I’ve never seen the show, but I’ve heard that the protagonist on the X Files used to have a desk sign which read, “I want to believe.” That sentiment characterizes most buyers and users of predictive or explanatory algorithms, i.e. statistics.
Really, there is no scientific promise too large that it will not be at least hoped for. It doesn’t matter how many failures or unrealized dreams are met, the newest thing always excites. We saw something of this Tuesday with a new algorithm that claimed to be able to forecast the stock market two years in advance.
Experience suggests that this purported marvel, or any new gee-whiz algorithm, will liquefy the rationality centers of those people in charge of securing predictions (financial services, governments, marketers, academics, etc.). The authors of that paper now have a window of opportunity to cash in on their method.
Meanwhile, grumpy naysayers warning against enthusiasm will meet with a lesser fate.
A tale. I was dealing with a potential client who believed they discovered a means to increase their predictive accuracy to astonishing heights. R-squareds (a poor measure; don’t use them) northward of 95% were seen in tests! I was to automate the process.
Turns out they were smoothing two sets of time series which originally had no relationship to one another, and then correlating the smoothed series—which suddenly showed a remarkable correlation! Regular readers will know this is a huge no-no. Smoothing artificially boosts correlation and predictive accuracy. I tried showing the client how this works, proving it with several examples using made-up data that looked like theirs.
Funny thing is that I convinced a business type I was right, but he was overruled by their algorithm person. This algorithm person was basing his excitement on a sterling certified peer-reviewed paper by an academic from an institution of world renown. Regular readers know all about peer-reviewed papers from credentialed academics.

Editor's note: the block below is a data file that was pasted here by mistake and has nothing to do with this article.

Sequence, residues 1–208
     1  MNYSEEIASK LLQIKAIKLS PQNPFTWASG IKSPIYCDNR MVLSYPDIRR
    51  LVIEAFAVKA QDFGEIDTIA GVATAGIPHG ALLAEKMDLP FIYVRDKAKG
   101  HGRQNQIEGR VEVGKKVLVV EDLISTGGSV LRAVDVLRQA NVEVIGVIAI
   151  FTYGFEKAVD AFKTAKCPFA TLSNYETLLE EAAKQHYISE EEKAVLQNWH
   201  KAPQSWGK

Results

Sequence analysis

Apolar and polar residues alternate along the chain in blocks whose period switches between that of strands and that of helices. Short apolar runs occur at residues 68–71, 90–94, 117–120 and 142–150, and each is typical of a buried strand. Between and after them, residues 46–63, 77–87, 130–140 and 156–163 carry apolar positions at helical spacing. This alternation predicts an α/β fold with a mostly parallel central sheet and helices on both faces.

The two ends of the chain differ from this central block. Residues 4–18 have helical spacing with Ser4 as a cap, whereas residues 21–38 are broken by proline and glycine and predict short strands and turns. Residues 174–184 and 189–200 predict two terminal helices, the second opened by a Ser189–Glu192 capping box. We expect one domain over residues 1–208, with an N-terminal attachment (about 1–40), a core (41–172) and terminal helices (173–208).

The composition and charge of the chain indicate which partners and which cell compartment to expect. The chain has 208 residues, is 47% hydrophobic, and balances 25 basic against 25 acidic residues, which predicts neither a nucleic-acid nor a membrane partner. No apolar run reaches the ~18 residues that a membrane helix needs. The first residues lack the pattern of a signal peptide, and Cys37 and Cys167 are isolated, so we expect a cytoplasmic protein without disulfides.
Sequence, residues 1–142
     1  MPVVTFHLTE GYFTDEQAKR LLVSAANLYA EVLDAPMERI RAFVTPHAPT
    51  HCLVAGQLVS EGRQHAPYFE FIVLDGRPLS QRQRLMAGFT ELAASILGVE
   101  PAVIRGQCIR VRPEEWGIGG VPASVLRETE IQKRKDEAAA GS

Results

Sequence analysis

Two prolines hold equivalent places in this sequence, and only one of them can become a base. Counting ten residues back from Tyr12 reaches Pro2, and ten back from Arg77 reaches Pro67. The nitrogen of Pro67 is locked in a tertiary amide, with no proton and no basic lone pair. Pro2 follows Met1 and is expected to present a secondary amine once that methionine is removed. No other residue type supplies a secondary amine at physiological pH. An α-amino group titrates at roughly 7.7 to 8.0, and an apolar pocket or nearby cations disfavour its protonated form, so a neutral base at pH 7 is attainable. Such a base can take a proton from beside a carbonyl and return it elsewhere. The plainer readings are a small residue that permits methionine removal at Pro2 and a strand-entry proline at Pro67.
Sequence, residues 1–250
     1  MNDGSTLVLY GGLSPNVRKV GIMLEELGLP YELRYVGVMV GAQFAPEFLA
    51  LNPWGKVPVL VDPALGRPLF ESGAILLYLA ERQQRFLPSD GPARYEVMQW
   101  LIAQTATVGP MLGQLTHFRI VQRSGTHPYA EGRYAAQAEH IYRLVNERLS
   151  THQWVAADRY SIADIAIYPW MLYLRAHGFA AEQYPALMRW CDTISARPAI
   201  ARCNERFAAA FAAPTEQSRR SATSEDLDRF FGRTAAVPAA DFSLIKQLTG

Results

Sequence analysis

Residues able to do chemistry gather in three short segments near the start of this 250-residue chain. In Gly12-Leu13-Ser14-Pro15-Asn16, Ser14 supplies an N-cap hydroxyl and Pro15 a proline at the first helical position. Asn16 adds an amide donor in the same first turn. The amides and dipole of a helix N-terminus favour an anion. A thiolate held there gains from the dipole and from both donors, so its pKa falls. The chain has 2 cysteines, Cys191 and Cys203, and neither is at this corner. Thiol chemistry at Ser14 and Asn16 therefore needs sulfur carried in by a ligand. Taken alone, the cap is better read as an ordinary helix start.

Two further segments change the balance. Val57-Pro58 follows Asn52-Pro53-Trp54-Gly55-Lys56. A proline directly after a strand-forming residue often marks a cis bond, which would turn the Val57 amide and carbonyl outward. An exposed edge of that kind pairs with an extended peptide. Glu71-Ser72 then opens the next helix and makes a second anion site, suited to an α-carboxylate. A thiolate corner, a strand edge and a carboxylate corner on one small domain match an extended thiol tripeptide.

In what is now the theme of my career, I didn’t get the job.
Another anecdote, necessarily vague because I cannot betray any confidences. This didn’t happen to me, but to somebody I know. Major company wanted to understand how “social media”, specifically Twitter data, predicted their income. My colleague correctly noted how noisy this data is.
My colleague thus warned that, while something might be learned, whatever it would be wouldn’t be earthshaking. Certainly not much money should be spent on the idea. This advice was rejected and the major company sought bids from algorithm firms which could take on the job. One was found. I cannot tell you how much money was asked for or given, but if I did you would faint dead away. I can only say that whoever runs this algorithm company could easily find a position in government.
I offered to do the job for an order of magnitude less. My bid was rejected, but then I, like my colleague, cautioned that not much would come of the analysis.
The sequel? You already know what happened so there’s no point going into it.
If you want to set up business as a data scientist (the newfangled term by which statisticians are beginning to call themselves), the lesson is this: promise the moon and charge like you’re actually going there. Failure is rarely punished and never remembered.
Uncertainty is the same tough sell in science. The way to do statistics (or machine learning, or AI, or whatever) properly, like I’m always saying, is to use whatever model you have to predict new, never-before-seen data. If your model works, you’ll make good predictions. If not, not. Problem is, this method is necessarily less certain than the old ways of doing things.
Doing it the right way makes it look like you know a hell of a lot less. Fireworks are rare. Everybody hates this. Science is supposed to make us more, not less, certain!